Last week, Mitch McConnell attempted from the floor of the US Senate to take credit for the improvement in the US economy, but comic interlude aside: Democrats have been running away from positive news. To be sure, the Fox News / GOP public relations machinery is a fearsome drag on Democratic hopes. Still, Democrats have too few examples of standing up in the face of the storm.
Back in the early oughts, Blue Dog Democrats in Congress sought to define themselves by tacking towards conservativism. The net result was negative for the Democrats. The Blue Dogs -- mostly southern Democrats -- steered along Bill Clinton's path to victory in 1992. "Compassionate conservatism", trumpeted by Florida's Jeb Bush in 1998, was the GOP/ Karl Rove attempts triangulate the other way.
Although Clinton succeeded in his own presidential elections, he left the Democratic "bench" in tatters.
Congressional Dems are still consuming this bitter fruit of the Clinton presidencies as they try to figure their way to voters.
In Florida, the contrast is represented by first-term Congresswoman Gwen Graham and Congressman Alan Grayson. Grayson is a straight-up, unapologetic liberal. Graham, in her first votes in Congress, showed her willingness to step away from Democratic supporters. She voted for the Keystone pipeline and voted to lessen safeguards for the banking industry.
In, "Moderate Dems angry that Warren liberals are raining on their pro-biz parade", Daily Kos commented:
"Democrats lost the midterms because they failed to make the case to the American people that they had discernibly improved their lives. Wall Street handouts do nothing to help that case."
Agree. Here is the rest of that Daily Kos opinion:
(Jan 09, 2015 10:20am PST by Kerry Eleveld)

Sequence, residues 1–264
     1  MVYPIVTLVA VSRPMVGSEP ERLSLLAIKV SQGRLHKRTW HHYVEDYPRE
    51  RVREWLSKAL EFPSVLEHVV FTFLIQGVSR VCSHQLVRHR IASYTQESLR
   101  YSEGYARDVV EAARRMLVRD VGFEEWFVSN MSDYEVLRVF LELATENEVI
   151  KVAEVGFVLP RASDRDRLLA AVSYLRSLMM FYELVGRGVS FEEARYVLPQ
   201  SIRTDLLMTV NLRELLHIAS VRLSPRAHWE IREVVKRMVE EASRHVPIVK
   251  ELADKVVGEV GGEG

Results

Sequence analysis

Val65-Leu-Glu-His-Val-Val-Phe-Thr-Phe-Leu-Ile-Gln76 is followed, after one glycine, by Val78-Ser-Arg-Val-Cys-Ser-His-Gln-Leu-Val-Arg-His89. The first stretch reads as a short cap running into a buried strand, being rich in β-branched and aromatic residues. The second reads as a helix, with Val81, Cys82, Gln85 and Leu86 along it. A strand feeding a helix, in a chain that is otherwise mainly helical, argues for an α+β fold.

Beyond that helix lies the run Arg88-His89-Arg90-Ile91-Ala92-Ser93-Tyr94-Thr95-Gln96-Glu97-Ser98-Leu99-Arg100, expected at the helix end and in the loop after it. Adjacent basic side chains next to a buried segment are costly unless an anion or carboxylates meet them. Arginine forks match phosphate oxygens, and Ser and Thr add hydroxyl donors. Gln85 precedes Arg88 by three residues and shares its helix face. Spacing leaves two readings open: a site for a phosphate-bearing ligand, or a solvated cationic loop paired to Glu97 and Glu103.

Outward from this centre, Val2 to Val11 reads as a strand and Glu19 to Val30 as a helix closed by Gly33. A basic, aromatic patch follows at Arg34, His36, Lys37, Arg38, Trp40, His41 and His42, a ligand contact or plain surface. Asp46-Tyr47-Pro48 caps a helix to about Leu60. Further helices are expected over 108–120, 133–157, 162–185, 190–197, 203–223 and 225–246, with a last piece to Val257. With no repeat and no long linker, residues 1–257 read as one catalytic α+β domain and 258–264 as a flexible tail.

This is cute. The New Democrat Coalition—a "pro-growth, fiscally responsible" group of Democratic lawmakers—thinks the Democrats' "lack of pro-business messaging" is what hurt them in 2014:
[M]embers also brought up concerns about the government spending bill that passed in December and the lack of pro-business messaging in the mid-term elections.
Okay, back to the story from Politico. Warring factions of congressional Democrats have emerged in the wake of the GOP's failed effort this week to delay certain provisions of Dodd-Frank (you know, the law that's meant to protect consumers from abuse by behemoth financial institutions).
Tension reached a boiling point during a closed-door caucus meeting Wednesday over the party’s stance toward Wall Street banks, according to multiple sources at the meeting.
Liberal Massachusetts Rep. Mike Capuano incensed the moderates when he said if Democrats support rolling back Dodd-Frank regulations, “you might as well be a Republican.”
Moderate Democrats—who suddenly feel under siege after Sen. Elizabeth Warren put the klieg lights on the dark corners of efforts to empower business at the expense of taxpayers—are arguing that Democrats will be confined to minority status forever if they don't, well, moderate their efforts to protect consumers.
They were angered because that same legislation had garnered support from more than 70 Democrats in the 113th Congress, but became a political landmine after Sen. Elizabeth Warren (D-Mass.) criticized the legislation as a Wall Street handout.
Please read below the fold for more on this story.
This week, just 35 Democrats voted with Republicans to undermine Dodd-Frank, but it wasn't enough for passage. Rep. Capuano is not impressed with the moderates:
“I feel strongly that the Democratic body is supposed to be representing the average American who is unaware and incapable of defending themselves when it comes to things like Wall Street abusing them,” Capuano said in an interview. “I feel strongly about it and I said so.”
This story is still developing—at least in the sense that it will play out over and over straight through 2016 and then in perpetuity. The question isn't whether there will be warring factions—it's who has the momentum?
Warren's efforts have clearly helped empower liberals who don't buy into the idea that winning elections means favoring business interests over those of regular folks. Nor does it represent good governance.
Democrats lost the midterms because they failed to make the case to the American people that they had discernibly improved their lives. Wall Street handouts do nothing to help that case.